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Hepatomegaly

Hepatosplenomegaly; Enlarged liver; Liver enlargement

 

Hepatomegaly is swelling of the liver beyond its normal size.

If both the liver and spleen are enlarged, it is called hepatosplenomegaly.

Considerations

 

The lower edge of the liver normally comes just to the lower edge of the ribs on the right side. The edge of the liver is normally thin and firm. It cannot be felt with the fingertips below the edge of the ribs, except when you take a deep breath. It may be enlarged if a health care provider can feel it in this area.

 

Causes

 

The liver is involved in many of the body's functions. It is affected by many conditions that can cause hepatomegaly, including:

  • Alcohol use
  • Cancer metastases (spread of cancer to the liver)
  • Congestive heart failure
  • Glycogen storage disease
  • Hepatitis A
  • Hepatitis B
  • Hepatitis C
  • Hepatocellular carcinoma
  • Hereditary fructose intolerance
  • Infectious mononucleosis
  • Leukemia
  • Niemann-Pick disease
  • Primary biliary cirrhosis
  • Reye syndrome
  • Sarcoidosis
  • Sclerosing cholangitis
  • Steatosis (fat in the liver from metabolic problems such as diabetes, obesity, and high triglycerides, also called nonalcoholic steatohepatitis, or NASH)

 

When to Contact a Medical Professional

 

This condition is most often discovered by a health care provider. You may not be aware of the liver or spleen swelling.

 

What to Expect at Your Office Visit

 

The provider will examine you and ask questions such as:

  • Did you notice a fullness or lump in the abdomen?
  • What other symptoms do you have?
  • Is there any abdominal pain?
  • Is there any yellowing of the skin (jaundice)?
  • Is there any vomiting?
  • Is there any unusual-colored or pale-colored stools?
  • Have you had a fever?
  • What medicines are you taking including over-the-counter and herbal medicines?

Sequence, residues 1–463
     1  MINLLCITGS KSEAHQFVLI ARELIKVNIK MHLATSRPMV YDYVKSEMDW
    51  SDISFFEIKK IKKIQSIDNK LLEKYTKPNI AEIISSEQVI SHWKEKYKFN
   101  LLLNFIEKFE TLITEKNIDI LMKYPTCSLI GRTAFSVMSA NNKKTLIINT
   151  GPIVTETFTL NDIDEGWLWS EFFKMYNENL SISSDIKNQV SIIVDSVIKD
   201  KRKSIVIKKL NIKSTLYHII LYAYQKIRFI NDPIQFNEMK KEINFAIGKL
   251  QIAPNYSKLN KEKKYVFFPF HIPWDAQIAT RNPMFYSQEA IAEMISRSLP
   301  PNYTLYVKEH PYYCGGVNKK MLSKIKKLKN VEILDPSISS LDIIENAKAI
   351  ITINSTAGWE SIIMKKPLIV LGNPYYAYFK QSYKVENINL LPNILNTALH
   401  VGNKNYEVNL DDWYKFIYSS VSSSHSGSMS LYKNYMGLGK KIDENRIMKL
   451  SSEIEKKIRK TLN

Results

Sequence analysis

• How much alcohol do you drink?

Tests to determine the cause of hepatomegaly vary, depending on the suspected cause, but may include:

  • Abdominal x-ray
  • Abdominal ultrasound (may be done to confirm the condition if the doctor thinks your liver feels enlarged during a physical exam)
  • CT scan of the abdomen
  • Liver function tests, including blood clotting tests
  • MRI scan of the abdomen

 

 

References

Martin P. Approach to the patient with liver disease. In: Goldman L, Schafer AI, eds. Goldman's Cecil Medicine. 25th ed. Philadelphia, PA: Elsevier Saunders; 2016:chap 146.

 
  • Liver fattening, CT scan

    Liver fattening, CT scan - illustration

    A CT scan of the upper abdomen showing a fatty liver (steatosis of the liver). Note the liver enlargement and dark color compared with the spleen (gray body in lower right).

    Liver fattening, CT scan

    illustration

  • Liver with disproportional fattening, CT scan

    Liver with disproportional fattening, CT scan - illustration

    A CT scan of the upper abdomen showing disproportional steatosis (fattening) of the liver.

    Liver with disproportional fattening, CT scan

    illustration

  • Hepatomegaly

    Hepatomegaly - illustration

    Hepatomegaly is enlargement of the liver beyond its normal size. Certain conditions such as infection, parasites, tumors, anemias, toxic states, storage diseases, heart failure, congenital heart disease, and metabolic disturbances may all cause an enlarged liver.

    Hepatomegaly

    illustration

    • Liver fattening, CT scan

      Liver fattening, CT scan - illustration

      A CT scan of the upper abdomen showing a fatty liver (steatosis of the liver). Note the liver enlargement and dark color compared with the spleen (gray body in lower right).

      Liver fattening, CT scan

      illustration

    • Liver with disproportional fattening, CT scan

      Liver with disproportional fattening, CT scan - illustration

      A CT scan of the upper abdomen showing disproportional steatosis (fattening) of the liver.

      Liver with disproportional fattening, CT scan

      illustration

    • Hepatomegaly

      Hepatomegaly - illustration

      Hepatomegaly is enlargement of the liver beyond its normal size. Certain conditions such as infection, parasites, tumors, anemias, toxic states, storage diseases, heart failure, congenital heart disease, and metabolic disturbances may all cause an enlarged liver.

      Hepatomegaly

      illustration


     

    Review Date: 4/20/2015

    Reviewed By: Subodh K. Lal, MD, Gastroenterologist with Gastrointestinal Specialists of Georgia, Austell, GA. Review provided by VeriMed Healthcare Network. Also reviewed by David Zieve, MD, MHA, Isla Ogilvie, PhD, and the A.D.A.M. Editorial team.

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